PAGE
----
I couldn't quite organize the last entry to describe real, practical mic checks for wireless mics. Hence this one.
IF you get the chance for a proper mic check, this is what you want to have;
The actors should be wearing the mic. Some will try to come out to mic check holding up the microphone with their hand. Send them away until they've taped it on. If the actor has a hat or mask or wig, that should be on the actor as well. If the actor is wearing metallic fabrics, those should be on their bodies.
The first thing to listen to is silence. When the actor isn't speaking, is there hiss? Then you may have the sensitivity too low and the amplification too high. Or a bad transmitter. Do you hear an electrical whine or warbling? Bad transmitter.
If you hear a "whiff" or the sound cuts in and out, put an eye on the RF strength indicators on your receiver and have the actor walk slooooowly around the stage. If you have the time, or you suspect an RF problem anyhow, it is worth having the actor visit every part of the stage they will be using and make sure you get adequate signal strength every where.
If you hear a rustling, crackling, or popping, suspect a bad connection. It might be anywhere in the system, from the pot on the head amp to the jacks in the patch bay, but we're worrying about mic test now. It's probably going to be the element. Have the actor move around. Send an assistant out to the stage and have them tug on the connector, twist the cord, and otherwise jiggle things to see if you can make the sound worse. And send your other assistant for a spare element!
(For stuff like this, it is far better for everyone if you just replace what is on the actor, mark what was on them as suspect, and do your diagnostics later when you don't have a room full of people standing around waiting on you.)
Second thing is voice. Many actors have been trained by many (poor) sound checks and will go straight into belting out a song -- usually off key. I try to have them speak instead. I learn more about the natural timbre of their voice when they speak. In a stage voice, mind you. This is one place where "indoors voice" is never appropriate.
Assuming you previously dialed in the desired sound and placement, you are now listening for two things; that the voice still sounds like it should, and that it is free of new artifacts.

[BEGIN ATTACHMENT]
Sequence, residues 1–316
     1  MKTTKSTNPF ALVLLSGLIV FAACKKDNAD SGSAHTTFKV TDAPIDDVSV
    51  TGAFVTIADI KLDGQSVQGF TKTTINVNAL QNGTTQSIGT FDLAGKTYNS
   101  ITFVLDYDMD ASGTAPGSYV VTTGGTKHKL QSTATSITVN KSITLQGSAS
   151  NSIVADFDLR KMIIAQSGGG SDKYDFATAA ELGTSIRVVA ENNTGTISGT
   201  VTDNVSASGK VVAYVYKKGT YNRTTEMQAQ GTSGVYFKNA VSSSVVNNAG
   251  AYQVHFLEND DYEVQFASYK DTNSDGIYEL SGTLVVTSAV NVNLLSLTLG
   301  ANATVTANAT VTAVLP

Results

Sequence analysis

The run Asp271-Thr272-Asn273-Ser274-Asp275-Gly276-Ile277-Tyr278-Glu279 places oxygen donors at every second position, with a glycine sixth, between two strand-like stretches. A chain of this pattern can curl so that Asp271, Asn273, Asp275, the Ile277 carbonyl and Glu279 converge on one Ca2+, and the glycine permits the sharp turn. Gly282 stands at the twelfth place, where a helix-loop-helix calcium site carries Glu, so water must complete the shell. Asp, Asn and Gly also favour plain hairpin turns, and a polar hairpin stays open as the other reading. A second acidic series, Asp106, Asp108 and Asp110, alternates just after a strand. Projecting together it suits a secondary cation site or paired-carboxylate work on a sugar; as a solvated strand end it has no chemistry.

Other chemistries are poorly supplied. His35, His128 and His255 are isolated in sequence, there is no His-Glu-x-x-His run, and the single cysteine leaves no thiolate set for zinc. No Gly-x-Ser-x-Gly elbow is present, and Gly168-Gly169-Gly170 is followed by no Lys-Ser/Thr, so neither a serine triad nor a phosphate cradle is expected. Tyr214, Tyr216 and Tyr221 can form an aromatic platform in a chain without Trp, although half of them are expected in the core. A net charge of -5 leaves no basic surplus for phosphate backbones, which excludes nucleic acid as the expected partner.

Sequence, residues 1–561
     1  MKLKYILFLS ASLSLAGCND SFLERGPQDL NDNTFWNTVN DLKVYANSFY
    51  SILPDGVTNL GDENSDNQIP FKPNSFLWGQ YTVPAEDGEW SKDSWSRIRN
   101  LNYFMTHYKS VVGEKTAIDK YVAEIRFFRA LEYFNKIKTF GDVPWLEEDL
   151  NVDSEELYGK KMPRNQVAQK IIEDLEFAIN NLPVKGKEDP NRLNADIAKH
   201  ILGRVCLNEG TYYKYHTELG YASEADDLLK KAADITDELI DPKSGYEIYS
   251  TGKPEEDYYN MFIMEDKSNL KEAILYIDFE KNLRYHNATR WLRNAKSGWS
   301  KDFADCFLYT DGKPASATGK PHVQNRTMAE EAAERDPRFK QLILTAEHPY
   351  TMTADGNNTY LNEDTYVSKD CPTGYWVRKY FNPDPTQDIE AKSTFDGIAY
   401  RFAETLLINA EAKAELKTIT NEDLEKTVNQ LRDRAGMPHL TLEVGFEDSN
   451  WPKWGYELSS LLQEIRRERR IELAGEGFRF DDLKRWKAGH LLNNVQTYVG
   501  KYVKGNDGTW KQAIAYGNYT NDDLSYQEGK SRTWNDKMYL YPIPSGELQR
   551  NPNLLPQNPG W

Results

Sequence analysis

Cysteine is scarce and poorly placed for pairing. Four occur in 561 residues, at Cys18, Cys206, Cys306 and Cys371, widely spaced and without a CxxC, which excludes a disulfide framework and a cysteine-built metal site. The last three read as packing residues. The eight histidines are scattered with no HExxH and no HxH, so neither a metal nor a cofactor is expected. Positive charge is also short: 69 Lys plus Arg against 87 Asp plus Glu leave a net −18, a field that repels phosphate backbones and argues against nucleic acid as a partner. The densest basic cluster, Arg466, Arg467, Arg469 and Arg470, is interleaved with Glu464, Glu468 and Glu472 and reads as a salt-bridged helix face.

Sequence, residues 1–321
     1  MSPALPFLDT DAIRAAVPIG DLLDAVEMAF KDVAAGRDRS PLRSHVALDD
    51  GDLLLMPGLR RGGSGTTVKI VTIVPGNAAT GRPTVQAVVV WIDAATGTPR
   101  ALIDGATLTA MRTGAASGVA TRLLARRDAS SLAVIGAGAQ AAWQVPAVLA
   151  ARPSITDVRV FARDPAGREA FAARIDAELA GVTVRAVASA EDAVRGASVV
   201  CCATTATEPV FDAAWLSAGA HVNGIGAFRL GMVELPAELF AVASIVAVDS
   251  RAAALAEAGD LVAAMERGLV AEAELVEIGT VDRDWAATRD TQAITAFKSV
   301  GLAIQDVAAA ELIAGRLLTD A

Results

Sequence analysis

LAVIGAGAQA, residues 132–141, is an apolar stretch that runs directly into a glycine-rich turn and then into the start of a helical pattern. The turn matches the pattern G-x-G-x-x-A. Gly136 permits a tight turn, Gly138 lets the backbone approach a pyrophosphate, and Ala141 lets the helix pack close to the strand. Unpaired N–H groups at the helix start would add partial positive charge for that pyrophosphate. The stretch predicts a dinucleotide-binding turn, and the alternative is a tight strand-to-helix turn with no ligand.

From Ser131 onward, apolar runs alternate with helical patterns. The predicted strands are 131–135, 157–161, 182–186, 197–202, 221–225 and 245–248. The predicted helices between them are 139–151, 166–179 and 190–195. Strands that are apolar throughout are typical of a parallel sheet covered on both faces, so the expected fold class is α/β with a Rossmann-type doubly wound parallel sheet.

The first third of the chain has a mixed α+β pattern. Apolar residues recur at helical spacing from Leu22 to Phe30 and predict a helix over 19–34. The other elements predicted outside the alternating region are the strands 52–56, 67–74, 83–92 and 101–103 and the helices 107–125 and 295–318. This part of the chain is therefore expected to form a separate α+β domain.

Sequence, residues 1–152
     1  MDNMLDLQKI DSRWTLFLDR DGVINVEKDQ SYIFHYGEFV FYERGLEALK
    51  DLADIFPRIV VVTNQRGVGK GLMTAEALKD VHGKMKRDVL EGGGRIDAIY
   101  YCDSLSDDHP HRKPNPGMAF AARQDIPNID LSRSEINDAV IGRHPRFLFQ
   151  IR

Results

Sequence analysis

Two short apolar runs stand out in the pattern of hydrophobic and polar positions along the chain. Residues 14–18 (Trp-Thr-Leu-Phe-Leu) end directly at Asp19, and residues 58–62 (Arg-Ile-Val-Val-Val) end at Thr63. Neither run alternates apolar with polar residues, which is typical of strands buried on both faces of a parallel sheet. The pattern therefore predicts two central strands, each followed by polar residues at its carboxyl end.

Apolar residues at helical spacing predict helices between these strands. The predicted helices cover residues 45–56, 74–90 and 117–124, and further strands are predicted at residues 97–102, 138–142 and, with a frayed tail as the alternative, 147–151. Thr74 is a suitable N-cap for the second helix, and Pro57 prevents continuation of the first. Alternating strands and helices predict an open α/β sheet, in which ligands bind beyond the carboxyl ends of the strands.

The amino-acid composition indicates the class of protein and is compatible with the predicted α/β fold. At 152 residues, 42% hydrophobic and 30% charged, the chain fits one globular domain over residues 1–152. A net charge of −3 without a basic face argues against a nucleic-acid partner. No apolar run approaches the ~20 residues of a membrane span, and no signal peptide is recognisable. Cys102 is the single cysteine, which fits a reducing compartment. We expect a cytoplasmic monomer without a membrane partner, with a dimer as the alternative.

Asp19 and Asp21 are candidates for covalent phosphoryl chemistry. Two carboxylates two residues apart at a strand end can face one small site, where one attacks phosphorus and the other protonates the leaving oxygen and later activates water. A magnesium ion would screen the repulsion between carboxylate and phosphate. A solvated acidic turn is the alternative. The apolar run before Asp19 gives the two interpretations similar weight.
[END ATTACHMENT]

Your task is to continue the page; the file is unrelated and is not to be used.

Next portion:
Hollow, flanging sounds can come from hats, from the placement, and from something as simple as the tape slipping over the head of the element.
A heavier, more phlegmatic sound than you expected is almost always an error in placement. Left to their own devices, actors will tape lower and lower on the cheek, and closer and closer to their mouth, as if subconsciously trying to save themselves some of the effort of singing full voice.
An oddly distant and often weirdly tinny sound is often the result of the mic slipping entirely, ending up inside a wig cap or behind an ear.
A thick, wooly, or chocked sound happens when the filter cap needs make-up cleaned off it, and as elements corrode and age. You can often bring a little clarity back to Countryman elements by washing them out in rubbing alcohol -- and making sure they are completely dry before you power them up again. But they will inevitably lose their tone over time, sounding cheap and muffled after a year or two of use.
Most actors have a different sound in their singing voice. It is well worth having them open up. They should be singing at least something similar to a song from the show, and in a register they use often in the show (again, for some peculiar reason actors will chose to do sound check with the one verse they sing falsetto, or in some ultra-peculiar character voice).
Check -- assuming you didn't check before -- that the gain staging is clean and they aren't clipping. And listen as before to make sure the sound like you want them to sound. Be very aware that actors will make mic check before they've warmed up. Also, a significant number of actors can't find their pitch without aid. When they sing a Capella, they will sing in the wrong key (or between keys) and they will find it uncomfortable and strange-feeling, and as a result they won't sound the way they do in the show.